Wednesday, August 26, 2009

Hampstead Heath and the Boating Pond

Yesterday we went to Hampstead Heath to walk on the Heath.

You can see the circular route we took from the tube, across Hampstead Heath and back again on this Google Map of Hampstead Heath Walk #1 - circular walk to the Boating Pond.

We walked from the tube down Flask Walk and spent some time sheltering under the trees in Well Walk opposite where John Constable used to live at 30 Well Walk as a heavy shower passed by (see my earlier post on Travels with a Sketchbook - Hampstead - Flask Walk, Burgh House and John Constable).

The weather forecast had been good but we seemed to spend the first half an hour after we got to the Heath dodging showers. This is isn't too difficult as you walk down the path which extends across the road from Well Walk as it involves walking through a green tunnel of mature trees. Although we could hear the shower overhead we stayed dry underneath.

It was very odd to think that this was probably the walk that Constable took every time he visited the Heath from his home in Well Walk. I've got a book about Constable and Hampstead and intend to spend some time on my favourite hobbies when travelling with a sketchbook - walking in footsteps of artists who have gone before.

I started a sketch while sat in the shelter at the sports field as the heavy shower proved persistent but didn't have time to finish it as the sun came out and rain stopped.

So we headed out into the open part of the heath and walked across to the Boating Pond where I did the sketch which you can see below. I always like to have a sketch of the day new relatives are born if possible. This one is for Amalie who arrived safely yesterday morning and made me 'very nearly' a great aunt.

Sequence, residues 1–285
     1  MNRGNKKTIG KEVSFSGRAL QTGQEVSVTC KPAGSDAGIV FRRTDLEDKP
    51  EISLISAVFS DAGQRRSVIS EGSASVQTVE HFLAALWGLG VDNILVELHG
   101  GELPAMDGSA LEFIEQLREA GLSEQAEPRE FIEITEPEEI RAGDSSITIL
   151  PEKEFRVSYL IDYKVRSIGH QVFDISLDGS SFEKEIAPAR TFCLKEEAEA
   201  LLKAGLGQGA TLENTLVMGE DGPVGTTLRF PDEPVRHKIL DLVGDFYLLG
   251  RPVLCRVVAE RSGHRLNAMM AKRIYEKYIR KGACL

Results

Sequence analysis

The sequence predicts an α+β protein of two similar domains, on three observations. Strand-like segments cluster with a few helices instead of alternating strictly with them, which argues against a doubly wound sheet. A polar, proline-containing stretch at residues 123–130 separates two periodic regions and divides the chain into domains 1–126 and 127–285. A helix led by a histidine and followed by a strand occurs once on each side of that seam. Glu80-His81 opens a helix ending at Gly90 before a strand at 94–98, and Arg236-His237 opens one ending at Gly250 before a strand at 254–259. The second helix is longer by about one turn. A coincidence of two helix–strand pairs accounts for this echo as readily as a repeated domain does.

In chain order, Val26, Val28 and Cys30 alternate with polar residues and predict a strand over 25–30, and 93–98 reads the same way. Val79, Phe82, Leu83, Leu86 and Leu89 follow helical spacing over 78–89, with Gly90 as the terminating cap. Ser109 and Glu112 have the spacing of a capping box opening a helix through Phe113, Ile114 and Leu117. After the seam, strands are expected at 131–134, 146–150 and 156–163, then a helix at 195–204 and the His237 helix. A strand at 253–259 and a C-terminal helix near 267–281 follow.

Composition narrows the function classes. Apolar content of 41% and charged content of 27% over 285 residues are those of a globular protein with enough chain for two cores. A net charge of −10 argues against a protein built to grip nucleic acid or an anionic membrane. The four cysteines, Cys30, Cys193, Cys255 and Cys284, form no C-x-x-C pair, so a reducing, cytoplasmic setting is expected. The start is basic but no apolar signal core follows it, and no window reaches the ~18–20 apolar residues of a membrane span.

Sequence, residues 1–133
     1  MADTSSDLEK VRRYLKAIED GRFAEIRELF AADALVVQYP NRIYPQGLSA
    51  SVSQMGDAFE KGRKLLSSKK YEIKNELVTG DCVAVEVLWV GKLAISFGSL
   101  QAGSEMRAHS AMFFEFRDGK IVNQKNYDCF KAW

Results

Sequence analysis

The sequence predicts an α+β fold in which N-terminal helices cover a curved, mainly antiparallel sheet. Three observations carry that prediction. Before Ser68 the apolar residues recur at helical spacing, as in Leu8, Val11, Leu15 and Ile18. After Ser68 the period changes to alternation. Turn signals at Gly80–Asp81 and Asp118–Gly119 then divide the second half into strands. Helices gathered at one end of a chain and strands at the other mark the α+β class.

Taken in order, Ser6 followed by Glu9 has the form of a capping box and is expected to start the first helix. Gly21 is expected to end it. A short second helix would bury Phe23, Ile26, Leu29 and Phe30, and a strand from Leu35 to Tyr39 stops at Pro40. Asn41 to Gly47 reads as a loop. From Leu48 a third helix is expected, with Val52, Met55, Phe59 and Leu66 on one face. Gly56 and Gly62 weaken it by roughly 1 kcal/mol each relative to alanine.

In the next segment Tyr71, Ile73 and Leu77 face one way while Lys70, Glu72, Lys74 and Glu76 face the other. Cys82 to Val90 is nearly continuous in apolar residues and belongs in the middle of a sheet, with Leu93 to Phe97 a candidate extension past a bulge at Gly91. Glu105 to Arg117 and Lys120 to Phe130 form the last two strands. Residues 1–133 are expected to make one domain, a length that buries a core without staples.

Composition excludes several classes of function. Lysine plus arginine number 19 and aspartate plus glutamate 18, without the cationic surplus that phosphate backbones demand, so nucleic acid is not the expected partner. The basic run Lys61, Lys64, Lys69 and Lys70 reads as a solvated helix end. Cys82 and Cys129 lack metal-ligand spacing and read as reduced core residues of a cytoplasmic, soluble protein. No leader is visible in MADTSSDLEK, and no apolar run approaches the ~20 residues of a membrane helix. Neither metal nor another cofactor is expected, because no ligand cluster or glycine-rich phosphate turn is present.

Amalie's birthday - at the Boating Pond on Hampstead Heath
11.5" x 17", pencil and coloured pencils in Daler Rowney Sketchbook

copyright Katherine Tyrrell

We then walked back past the Mens Bathing Pond and across the edge of Parliament Hill Fields and down to the other ponds before walking down Downshire Hill - past the road which contains Keats House - the house which poet John Keats used to live in - and back to the main road. Where we stopped for a cappucino at a branch of Carluccios and sat outside while I sketched the plane trees and the view up the hill.

Carluccios and Rosslyn Hill
pen and sepia ink in Daler Rowney Sketchbook
copyright Katherine Tyrrell

Then back via Waterstones at 68-69 Hampstead High Street where we indulged in one of our favourite occupations - browsing the books. Walking and bookshops are always a good combination when travelling!

Note: Keats House reopened on 24 July 2009, after a major restoration projectand I think will be the subject of a future trip - and sketch. This is where Keats wrote 'Ode to a Nightingale', and fell in love with Fanny Brawne, the girl next door.

1 comment:

  1. Hello, Katherine, love your sketches,would you mind me asking a question? How do you determine which colours you are taking with you? I saw your pencil-box,which is for sketching out,but if you had to chose only couple of pencils, what would they be?
    I was so inspired with what I`ve seen here, that I decided to try sketching "in the wild" myself and I encountered the problem almost immediately - all colours which I had,were wrong colours... I had appr.15 pencils with me and I couldn`t get the colour I was after. Or, am I too much of a copyist? But, from the other hand,colourful sketches are supposed to capture the colour which I see,or am I wrong here?
    Thank you for sharing your beautiful art,
    kindest regards,
    Elina

    ReplyDelete

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